Three Ways Verified Gross Mass Rules Will Affect the Supply Chain
A new rule concerning shipping container weight is reverberating throughout the industry, leaving stakeholders across the supply chain with more questions than answers. At stake is the global movement of goods by ocean freight.
Starting July 1, shippers will be required to document the weight of packed shipping containers prior to loading it onto a ship. The verified gross mass (VGM) rule is a new addition to the International Convention of Safety of Life at Sea (SOLAS), an international treaty that sets safety standards for the maritime industry. And while the basic guidelines are fairly simple, it’s the execution and enforcement of the VGM mandate that has left many scratching their heads.
Ask how the new VGM mandate affects the global movement of goods and you’ll likely hear one of a few different answers. That’s because of the mandate’s potential to affect operations for shippers, carriers, ports, and terminal operators alike. Each stakeholder brings a unique perspective on how they will manage the change – with a common variable being that no single group is sure who will ultimately bear the burden of responsibility.
- Shippers: Per the VGM mandate, the shipper is responsible for certifying the weight of each container before it reaches the terminal to be loaded on a vessel. There’s no guidance on how or when that’s done, or how data is transmitted along to other stakeholders.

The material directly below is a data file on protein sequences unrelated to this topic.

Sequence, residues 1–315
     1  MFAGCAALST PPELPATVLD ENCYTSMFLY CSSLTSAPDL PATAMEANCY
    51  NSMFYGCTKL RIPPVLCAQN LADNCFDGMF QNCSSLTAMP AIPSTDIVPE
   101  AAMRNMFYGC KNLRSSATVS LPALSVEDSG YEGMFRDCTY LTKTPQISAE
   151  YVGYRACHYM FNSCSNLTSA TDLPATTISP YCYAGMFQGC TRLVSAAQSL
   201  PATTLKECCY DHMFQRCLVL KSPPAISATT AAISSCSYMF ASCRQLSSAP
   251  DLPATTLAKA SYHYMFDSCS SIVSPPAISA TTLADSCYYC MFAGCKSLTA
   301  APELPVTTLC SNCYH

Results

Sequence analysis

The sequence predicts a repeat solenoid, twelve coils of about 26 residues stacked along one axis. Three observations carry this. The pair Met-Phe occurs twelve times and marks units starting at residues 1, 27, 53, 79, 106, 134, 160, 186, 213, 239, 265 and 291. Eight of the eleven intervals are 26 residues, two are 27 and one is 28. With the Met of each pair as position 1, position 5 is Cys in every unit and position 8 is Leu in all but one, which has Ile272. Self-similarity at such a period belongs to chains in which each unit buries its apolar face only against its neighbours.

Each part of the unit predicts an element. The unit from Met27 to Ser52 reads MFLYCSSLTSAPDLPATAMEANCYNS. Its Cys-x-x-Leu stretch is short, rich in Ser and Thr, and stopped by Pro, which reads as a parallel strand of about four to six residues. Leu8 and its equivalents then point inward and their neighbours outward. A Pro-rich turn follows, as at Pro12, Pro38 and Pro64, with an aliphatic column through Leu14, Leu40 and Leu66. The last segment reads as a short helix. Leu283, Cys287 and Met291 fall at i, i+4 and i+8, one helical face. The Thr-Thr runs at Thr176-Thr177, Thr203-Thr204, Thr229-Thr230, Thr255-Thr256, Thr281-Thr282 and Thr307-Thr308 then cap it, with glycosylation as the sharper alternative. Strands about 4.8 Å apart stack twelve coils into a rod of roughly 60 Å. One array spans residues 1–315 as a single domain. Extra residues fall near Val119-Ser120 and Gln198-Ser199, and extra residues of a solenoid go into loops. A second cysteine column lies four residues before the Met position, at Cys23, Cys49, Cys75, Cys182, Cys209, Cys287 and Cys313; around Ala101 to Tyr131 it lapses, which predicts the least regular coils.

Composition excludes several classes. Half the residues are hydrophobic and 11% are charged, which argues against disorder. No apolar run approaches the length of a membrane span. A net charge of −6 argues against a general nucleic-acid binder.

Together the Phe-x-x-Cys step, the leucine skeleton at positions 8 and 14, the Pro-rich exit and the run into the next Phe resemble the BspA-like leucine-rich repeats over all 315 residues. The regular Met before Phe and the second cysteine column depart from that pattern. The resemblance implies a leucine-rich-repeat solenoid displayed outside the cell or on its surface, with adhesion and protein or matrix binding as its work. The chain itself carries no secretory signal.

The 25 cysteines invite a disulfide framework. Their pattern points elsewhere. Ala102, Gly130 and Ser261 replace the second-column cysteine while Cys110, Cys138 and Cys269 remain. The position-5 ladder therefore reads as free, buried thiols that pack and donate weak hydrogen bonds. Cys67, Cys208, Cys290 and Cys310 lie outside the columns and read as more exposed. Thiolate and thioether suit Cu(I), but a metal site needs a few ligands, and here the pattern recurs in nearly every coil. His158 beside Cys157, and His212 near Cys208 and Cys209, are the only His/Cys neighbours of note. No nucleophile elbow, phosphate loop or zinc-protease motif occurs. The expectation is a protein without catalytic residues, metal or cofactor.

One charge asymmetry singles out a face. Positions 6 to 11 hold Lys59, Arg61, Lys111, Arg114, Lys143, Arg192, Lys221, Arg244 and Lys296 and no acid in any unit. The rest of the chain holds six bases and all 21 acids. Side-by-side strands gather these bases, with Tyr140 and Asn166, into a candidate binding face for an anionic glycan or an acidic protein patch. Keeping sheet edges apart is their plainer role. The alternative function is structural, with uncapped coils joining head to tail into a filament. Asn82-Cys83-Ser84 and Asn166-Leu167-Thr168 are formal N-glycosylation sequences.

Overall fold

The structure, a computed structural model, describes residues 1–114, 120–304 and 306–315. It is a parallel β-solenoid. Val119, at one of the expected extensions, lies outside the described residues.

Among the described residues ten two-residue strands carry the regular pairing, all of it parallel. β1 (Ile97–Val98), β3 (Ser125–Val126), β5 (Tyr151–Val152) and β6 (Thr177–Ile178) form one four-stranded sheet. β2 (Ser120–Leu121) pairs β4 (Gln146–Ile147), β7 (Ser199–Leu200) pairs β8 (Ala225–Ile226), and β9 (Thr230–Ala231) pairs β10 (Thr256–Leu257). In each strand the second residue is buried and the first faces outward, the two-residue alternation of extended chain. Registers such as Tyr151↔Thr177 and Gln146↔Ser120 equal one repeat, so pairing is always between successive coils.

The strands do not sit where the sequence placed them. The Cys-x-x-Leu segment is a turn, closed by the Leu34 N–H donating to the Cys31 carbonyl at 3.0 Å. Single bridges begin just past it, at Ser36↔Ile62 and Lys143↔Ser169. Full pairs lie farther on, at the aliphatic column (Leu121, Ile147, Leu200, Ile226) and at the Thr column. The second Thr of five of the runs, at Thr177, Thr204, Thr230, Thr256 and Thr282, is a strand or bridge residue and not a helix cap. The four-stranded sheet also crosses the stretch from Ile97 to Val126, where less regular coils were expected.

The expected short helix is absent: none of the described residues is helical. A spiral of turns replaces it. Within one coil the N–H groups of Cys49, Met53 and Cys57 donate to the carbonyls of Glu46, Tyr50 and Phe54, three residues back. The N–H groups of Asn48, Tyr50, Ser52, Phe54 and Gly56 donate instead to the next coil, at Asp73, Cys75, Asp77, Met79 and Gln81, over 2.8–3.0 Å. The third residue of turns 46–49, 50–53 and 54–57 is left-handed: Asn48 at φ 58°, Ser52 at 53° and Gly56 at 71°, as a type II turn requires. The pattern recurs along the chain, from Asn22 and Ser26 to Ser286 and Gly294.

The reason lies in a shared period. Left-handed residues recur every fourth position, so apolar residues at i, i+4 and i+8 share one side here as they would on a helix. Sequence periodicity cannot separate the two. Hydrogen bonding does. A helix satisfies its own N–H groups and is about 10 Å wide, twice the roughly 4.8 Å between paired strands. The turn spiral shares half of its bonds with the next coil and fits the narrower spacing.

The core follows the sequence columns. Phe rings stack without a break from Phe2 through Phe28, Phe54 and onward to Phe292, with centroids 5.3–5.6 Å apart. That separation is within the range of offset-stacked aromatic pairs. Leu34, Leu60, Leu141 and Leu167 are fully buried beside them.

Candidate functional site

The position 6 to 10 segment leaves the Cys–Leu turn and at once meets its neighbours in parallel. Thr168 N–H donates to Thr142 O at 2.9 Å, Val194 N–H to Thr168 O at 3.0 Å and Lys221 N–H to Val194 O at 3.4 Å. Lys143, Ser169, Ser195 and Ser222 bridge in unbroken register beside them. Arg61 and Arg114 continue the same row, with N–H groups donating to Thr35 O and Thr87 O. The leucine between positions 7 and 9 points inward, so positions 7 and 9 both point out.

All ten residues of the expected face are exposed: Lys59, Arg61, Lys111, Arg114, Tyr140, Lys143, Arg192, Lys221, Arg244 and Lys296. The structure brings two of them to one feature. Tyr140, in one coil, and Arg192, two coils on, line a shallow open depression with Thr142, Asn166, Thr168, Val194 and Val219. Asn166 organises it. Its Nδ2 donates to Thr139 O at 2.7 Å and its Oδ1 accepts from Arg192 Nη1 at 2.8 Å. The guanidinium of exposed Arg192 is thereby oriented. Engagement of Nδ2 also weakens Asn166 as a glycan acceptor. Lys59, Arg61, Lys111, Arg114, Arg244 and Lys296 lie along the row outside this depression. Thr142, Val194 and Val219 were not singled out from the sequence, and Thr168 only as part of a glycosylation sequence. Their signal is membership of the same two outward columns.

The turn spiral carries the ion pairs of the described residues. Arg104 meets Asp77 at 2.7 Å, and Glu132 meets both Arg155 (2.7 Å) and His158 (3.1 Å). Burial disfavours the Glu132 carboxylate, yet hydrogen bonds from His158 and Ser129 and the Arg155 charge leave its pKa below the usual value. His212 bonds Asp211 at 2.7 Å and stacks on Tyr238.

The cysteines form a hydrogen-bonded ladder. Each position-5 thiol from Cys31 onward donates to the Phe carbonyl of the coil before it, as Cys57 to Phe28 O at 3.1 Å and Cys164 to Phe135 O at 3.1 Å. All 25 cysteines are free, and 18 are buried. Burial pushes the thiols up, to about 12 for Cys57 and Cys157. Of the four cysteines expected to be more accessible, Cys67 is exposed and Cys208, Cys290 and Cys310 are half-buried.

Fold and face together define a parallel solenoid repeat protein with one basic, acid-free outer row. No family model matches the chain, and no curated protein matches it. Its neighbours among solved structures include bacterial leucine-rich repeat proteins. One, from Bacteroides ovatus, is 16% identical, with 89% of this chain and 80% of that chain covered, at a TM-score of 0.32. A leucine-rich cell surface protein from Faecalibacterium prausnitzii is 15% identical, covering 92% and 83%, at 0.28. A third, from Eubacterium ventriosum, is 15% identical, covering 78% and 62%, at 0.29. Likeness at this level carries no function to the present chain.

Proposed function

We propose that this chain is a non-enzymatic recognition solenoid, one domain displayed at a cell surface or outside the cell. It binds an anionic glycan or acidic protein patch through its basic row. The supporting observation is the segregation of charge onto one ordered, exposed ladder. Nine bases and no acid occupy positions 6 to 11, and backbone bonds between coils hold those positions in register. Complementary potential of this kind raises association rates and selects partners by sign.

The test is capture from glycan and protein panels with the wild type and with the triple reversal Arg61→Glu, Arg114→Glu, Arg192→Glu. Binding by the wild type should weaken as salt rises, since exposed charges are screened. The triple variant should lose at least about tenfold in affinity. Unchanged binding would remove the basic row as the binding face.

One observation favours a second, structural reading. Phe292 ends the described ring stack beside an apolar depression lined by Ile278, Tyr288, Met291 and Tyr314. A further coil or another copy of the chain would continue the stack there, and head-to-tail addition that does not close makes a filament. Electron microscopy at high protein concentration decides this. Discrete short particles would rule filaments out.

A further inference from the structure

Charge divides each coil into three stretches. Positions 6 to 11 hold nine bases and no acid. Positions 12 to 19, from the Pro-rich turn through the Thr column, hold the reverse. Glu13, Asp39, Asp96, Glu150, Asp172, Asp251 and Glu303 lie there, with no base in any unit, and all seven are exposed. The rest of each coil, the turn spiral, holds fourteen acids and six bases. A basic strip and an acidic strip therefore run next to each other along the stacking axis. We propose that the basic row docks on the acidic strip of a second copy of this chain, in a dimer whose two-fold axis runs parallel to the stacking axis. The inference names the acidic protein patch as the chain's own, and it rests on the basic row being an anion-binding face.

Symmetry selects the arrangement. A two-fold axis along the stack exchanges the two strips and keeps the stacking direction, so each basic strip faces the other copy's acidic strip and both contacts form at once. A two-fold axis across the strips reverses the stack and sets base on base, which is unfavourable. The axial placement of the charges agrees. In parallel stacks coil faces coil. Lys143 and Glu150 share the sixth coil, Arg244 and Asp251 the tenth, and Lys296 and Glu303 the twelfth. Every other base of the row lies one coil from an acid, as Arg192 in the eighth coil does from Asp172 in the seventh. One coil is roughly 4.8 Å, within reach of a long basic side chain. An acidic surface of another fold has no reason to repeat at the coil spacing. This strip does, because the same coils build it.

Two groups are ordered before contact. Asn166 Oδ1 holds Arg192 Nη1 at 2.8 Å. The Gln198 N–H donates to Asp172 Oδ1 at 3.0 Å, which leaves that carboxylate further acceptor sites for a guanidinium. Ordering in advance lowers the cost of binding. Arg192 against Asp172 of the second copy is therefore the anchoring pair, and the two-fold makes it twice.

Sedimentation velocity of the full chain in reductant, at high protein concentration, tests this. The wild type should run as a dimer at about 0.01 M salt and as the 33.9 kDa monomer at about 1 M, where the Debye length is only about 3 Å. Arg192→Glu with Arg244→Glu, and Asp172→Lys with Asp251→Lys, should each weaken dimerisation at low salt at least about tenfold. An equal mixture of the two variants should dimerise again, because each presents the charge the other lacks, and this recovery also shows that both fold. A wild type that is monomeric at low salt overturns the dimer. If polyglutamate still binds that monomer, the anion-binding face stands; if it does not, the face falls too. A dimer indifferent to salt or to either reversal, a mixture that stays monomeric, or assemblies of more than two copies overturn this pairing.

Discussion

- Carriers: The U.S. Coast Guard has publicly stated that it has no legal obligation to shippers. Rather, as the agency in charge of maritime safety in the United States, the Coast Guard has jurisdiction over carriers. Should containers on a ship be in violation of VGM rules, it’s the carrier who gets penalized at sea.
- Ports and Terminals: The expectation is for terminal operators to have certified VGM information before a container reaches the port. But many operators have come forward with contingency plans for containers that haven’t been weighed prior to leaving a shipper’s facilities. The Port Newark Container Terminal, for instance, will offer its scales for VGM weight certification for a fee of about $70. Other terminals have announced they’ll offer similar services at varying costs. While these services will no doubt be useful, they also add complexity (and time) to the process of verifying container weight. And uncertainty remains as to wait times and billing.
There are 162 countries involved in enforcing this rule. Of those, only ten have published guidelines for SOLAS. And most of these are drafts and discussion documents, not final regulations. The United Nations agency that regulates shipping – the International Maritime Organization – recently recommended countries take a “practical and pragmatic” approach during the first several months the VGM rule is in place. That doesn’t necessarily mean the regulation will go away, but it may help buy time to iron out some of the challenges in place.
Currently there are many challenges that need fixing around SOLAS. And time is growing short. The potential impact of shipments being turned away or delayed at ports around the world is severe. It requires clear direction, leadership, and communication. To date, the arrival of all three of these remain delayed.
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